*B. L. Dhar
he evening sun was still warm on this summer day in July and the family sat huddled together at the bedside of the head of the family who was taking in each breath with pain and presumably his last would come sooner than expected. The family doctor had told them that the end was near and they better keep the man in his own home rather than shift him to the hospital where no effort could possibly save him. The cancer had spread to all his vital organs and his once handsome face was looking deathly pale and shades of black patches showed all around. He was 64 and at the zenith of his life at a time when the life expectancy was just 52. His wife, two married sons and two married daughters were all there with the grandchildren all around in the house, half of them in their early teens, not all realizing the gravity of the situation. Towards evening the inevitable happened and the old man breathed his last. A cry of anguish escaped the womenfolk and all around the neighborhood the word spread that Tathaji was no more.
Born at the fag end of the 19th century in 1899, Pt. D.N. Koul (Tathaji) had all the traits of a man who would assume a powerful personality one day as he grew up. Habba Kadal was the place where he was born and that is where he breathed his last 64 years later. He studied at the local Government school and his father sent him to Lahore for his higher education where he graduated in Commerce. He returned to Srinagar and his eager parents got him married to a beautiful girl at age 20 when he was not even earning his livelihood. It took him a year to realize that there was more to life than trailing his beautiful wife around town to meet all his and her relatives. And when he got pumped up to do something worthwhile he packed up, left town and went over to the plains in search of his dreams. He least expected he would have to leave his newly married wife back home and pregnant with his first child. He ended up in an institution of higher learning at Bombay and after two years of studies he became a person most sought after by all the fabric business houses. No one knows how he ended up taking to Fabric dying, printing and designing as his subject of study. The cloth Mills at Bombay were progressing at a rapid pace and the British were importing fabric for their ladies as fast as they were prospecting for properties in the country. And Koul was there with all his new and trendy designs. Within four years he was a Corporate Director with a leading textile mill.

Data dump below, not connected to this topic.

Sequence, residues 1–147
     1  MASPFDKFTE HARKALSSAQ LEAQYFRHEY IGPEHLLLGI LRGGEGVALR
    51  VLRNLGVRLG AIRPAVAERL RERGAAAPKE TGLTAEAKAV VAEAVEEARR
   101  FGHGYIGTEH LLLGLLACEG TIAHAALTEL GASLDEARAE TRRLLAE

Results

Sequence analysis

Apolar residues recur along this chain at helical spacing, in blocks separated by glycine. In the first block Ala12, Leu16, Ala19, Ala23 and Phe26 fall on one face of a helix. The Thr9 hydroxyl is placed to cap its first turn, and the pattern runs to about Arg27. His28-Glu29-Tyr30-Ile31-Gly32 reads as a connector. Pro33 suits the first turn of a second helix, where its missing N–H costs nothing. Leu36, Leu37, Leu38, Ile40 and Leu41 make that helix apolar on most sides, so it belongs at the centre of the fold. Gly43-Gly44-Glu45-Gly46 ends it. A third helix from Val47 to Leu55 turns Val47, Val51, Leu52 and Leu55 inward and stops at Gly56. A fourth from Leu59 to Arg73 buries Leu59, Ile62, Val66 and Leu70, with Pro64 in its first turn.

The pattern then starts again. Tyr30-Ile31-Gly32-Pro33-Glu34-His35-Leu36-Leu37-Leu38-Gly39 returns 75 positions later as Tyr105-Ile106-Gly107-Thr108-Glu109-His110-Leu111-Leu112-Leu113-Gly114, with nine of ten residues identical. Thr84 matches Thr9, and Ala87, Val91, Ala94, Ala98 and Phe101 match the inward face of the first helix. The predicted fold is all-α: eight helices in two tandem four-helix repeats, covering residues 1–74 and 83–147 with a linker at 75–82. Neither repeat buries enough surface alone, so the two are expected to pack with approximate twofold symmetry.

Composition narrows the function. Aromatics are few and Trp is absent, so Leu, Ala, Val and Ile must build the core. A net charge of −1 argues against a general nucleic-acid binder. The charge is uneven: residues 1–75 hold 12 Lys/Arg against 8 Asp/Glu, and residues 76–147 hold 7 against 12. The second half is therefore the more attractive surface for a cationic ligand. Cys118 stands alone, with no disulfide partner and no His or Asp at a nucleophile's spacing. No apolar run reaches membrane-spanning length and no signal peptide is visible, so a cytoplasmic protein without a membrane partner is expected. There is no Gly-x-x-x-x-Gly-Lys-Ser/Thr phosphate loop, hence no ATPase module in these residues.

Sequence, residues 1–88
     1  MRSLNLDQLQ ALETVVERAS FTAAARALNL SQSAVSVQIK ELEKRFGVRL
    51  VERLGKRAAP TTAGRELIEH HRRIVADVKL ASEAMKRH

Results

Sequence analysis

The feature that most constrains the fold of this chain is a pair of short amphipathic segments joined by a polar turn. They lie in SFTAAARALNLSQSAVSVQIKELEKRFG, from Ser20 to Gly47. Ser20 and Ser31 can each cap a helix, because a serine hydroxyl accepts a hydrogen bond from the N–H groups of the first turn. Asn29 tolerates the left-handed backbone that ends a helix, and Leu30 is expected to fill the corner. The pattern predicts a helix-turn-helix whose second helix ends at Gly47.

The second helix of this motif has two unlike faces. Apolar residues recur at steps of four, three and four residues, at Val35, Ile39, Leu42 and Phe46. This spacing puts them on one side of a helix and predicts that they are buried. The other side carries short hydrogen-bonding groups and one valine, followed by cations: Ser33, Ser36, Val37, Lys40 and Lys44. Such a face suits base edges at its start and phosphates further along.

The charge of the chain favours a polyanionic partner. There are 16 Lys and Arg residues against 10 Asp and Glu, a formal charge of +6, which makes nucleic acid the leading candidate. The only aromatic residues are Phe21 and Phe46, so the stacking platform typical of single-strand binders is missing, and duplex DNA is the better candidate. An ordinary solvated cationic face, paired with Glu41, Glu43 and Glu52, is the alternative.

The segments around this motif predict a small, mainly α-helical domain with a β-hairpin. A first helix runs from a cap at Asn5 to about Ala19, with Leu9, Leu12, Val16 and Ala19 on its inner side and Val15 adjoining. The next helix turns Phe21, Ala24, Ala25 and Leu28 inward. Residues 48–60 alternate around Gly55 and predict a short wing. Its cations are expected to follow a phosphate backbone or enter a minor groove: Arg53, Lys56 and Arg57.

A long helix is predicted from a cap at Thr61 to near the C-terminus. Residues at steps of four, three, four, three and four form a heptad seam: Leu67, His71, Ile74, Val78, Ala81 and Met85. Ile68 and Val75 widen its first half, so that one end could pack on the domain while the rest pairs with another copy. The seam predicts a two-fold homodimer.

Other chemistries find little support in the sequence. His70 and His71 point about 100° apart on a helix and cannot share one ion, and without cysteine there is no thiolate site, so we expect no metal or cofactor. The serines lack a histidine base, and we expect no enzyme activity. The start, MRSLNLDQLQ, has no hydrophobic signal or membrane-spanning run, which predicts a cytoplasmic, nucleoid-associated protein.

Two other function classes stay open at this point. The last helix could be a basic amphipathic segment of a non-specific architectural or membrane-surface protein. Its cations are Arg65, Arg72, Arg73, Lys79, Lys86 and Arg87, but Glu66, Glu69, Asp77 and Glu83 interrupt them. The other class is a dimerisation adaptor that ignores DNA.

His sprawling mansion at Andheri had all the facilities that were accessible at that time and some gadgets were even imported from England to please him. His wife Shobha (Shobhawati) and newborn son joined him at Bombay and his parents often visited during the winter months when it was too cold for comfort in Srinagar. For 25 years life was pretty good and pretty fast for him and he fathered three more children with Shobha. The work kept him busy all through first as a Director and then CEO with the company that it became pretty hard to visit his hometown. He found no time for relatives or friends who had now forsaken him and it was only good for his parents that they turned up there for one health reason or the other and got good medical attention at the best hospitals in Bombay. And when Gandhi and Jinnah decided to part ways in 1947 so did he.